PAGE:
Faith in Action Blog

Faith in Action Blog

Katie Short (’80), attorney for David Daleiden of the Center for Medical Progress, leads his defense team at federal court in San Francisco.
Katie Short (’80), attorney for David Daleiden of the Center for Medical Progress, at federal court in San Francisco.

When David Daleiden of the Center for Medical Progress first devised his plan to expose Planned Parenthood’s practice of harvesting and selling the organs of aborted babies, he knew he would need legal advice. So the undercover journalist turned to San Francisco’s Life Legal Defense Foundation and its co-founder and vice president, Katie Short (’80). Mrs. Short and others helped Mr. Daleiden to prepare for the inevitable legal challenges and to navigate the myriad laws in several jurisdictions.

Katie Short (’80) with David Daleiden of the Center for Medical ProgressKatie Short (’80) with David Daleiden of the Center for Medical ProgressNearly three years later, that effort has proved to be a tremendous success, drawing national attention to Planned Parenthood’s gruesome practices and fueling a Congressional movement to strip the abortion provider of federal funding. Predictably, the abortion industry’s premier trade group, the National Abortion Federation, has struck back with a lawsuit designed to ruin Mr. Daleiden and suppress his findings. And so the young filmmaker has turned to Mrs. Short once again, asking her foundation to defend him against a fevered legal onslaught.

“We at Life Legal have fought for decades to guarantee the First Amendment rights of pro-life activists,” says Mrs. Short. “Usually this happens on a small scale right in front of an abortion mill. Now we are seeing the same drama play out on a grand scale in the public eye, as the NAF throws its resources into crushing David Daleiden’s witness. There’s really little else that they can do, as David truly has the goods on the abortion industry in general and on Planned Parenthood in particular. Only by doing our all at this crucial juncture can Life Legal keep the truth about Planned Parenthood available to the public.”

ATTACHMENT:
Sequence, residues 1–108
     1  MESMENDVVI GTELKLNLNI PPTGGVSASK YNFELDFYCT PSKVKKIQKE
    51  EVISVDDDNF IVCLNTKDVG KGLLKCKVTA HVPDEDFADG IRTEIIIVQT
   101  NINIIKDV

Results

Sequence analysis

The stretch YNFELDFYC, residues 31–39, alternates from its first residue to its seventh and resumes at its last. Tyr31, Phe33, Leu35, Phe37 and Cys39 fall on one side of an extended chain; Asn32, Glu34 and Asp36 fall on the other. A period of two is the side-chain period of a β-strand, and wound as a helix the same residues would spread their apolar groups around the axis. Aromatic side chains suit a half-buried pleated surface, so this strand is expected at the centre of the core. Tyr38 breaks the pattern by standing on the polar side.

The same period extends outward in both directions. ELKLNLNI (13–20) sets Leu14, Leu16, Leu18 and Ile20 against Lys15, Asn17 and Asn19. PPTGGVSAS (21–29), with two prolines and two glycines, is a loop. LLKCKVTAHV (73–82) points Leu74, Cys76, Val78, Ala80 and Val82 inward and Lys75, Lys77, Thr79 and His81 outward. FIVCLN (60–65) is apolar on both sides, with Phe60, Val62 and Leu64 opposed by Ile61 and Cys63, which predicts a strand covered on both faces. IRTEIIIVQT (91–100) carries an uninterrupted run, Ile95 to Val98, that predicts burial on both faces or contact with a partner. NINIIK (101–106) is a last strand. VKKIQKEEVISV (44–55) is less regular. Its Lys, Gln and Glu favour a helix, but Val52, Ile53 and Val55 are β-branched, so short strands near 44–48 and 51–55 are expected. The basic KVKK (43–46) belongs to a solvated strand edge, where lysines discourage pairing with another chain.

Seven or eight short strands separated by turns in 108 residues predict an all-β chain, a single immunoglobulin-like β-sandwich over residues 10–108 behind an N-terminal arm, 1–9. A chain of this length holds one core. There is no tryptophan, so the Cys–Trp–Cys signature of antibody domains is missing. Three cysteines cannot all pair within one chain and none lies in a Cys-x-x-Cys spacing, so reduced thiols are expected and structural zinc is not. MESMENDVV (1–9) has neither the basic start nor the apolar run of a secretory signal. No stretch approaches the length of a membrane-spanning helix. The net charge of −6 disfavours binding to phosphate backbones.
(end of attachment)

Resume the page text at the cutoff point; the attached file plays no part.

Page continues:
A home-schooling mother of nine children, Mrs. Short has written numerous briefs for state and federal courts, including petitions for certiorari and amicus briefs in the United States Supreme Court and California Supreme Court. She co-authored the text of Propositions 73, 85, and 4, California ballot initiatives aimed at requiring parental notification before a minor can obtain an abortion. She additionally served as co-counsel in People’s Advocate v. ICOC, a suit challenging the constitutionality of the governing board of the California Institute for Regenerative Medicine, the agency established by Proposition 71 to fund embryonic stem cell research.

Last week Mrs. Short was at the U.S. District Court for the Northern District of California, leading Mr. Daleiden’s pro bono defense team during his deposition — one small step in what promises to be a lengthy, exhausting, and expensive legal battle. “The case has extremely high stakes for all participants,” says Mrs. Short’s husband, Bill (’80), a fellow attorney. “Please pray for Daleiden, the project, Katie, and the rest of the legal team, and encourage others to do so as well.”

David Shaneyfelt (’81) and Raymond Tittman (’94)David Shaneyfelt (’81) and
Raymond Tittman (’94)

Two alumni attorneys who practice on opposite ends of the law recently teamed up with the honor of presenting a national webinar for the prestigious American Law Institute. David Shaneyfelt (’81), who represents companies in disputes against insurance companies, and Raymond Tittman (’94), who represents insurance companies, presented a continuing legal education course for attorneys entitled, Insurance Bad Faith: Strategies for Avoiding or Pursuing Claims. Mr. Shaneyfelt practices with The Alvarez Firm in Calabasas, California, along with fellow alumnus Justin Alvarez (’97), while Mr. Tittman is the founding partner of Edison, McDowell & Hetherington LLP’s Oakland, California, office. The two have never actually had a case against each other. Not yet, anyway.

David Halpin (’79)Please continue to pray for the repose of David Halpin (’79), husband of Natalie (St. Arnault ’80) and father of Rose (’06) and Margaret Tannoury (’08), who died on March 6. Below is the text of his obituary, penned by the Halpins’ daughter Elizabeth:

... for God is greater than our hearts
and all is known to Him.
— 1 John 3:20

David B. Halpin, attorney at law, of Chesterton, Indiana, passed away Friday, March 6, 2015, in South Bend, Indiana. He was 63 years old. A true renaissance man, Dave lived and worked wholeheartedly for the Catholic faith and his family. He is most lovingly remembered by all who knew him. David is survived by his wife, M. Natalie Halpin (St. Arnault) and their children — David, Eugene, Rose, Margaret (Tannoury), Elizabeth, Gertrude, Thomas, James and Seth Halpin — along with their grandson, Alexander Tannoury, and son-in-law, Chadi Tannoury. Also surviving are his mother, Margaret Kathleen Halpin (Nolan), and his siblings — Philip, Patrick, Timothy, Margaret (Ortiz), Mary Ann (Shapiro), Peter, Kathleen (Santoro), and John Halpin — along with their spouses, children, and numerous extended-family members. He is preceded in death by his father, Eugene Philip Halpin.

Born to Peggy and Gene Halpin on October 21, 1951 in Seattle, Washington, Dave grew up in South Pasadena, California. His childhood recollections were of a bygone era — attending parochial grammar school with the nuns, playing the drums in a rock ’n roll garage band, working his father’s catering truck route in downtown Los Angeles and surfing the Pacific Ocean waves before it was “cool.”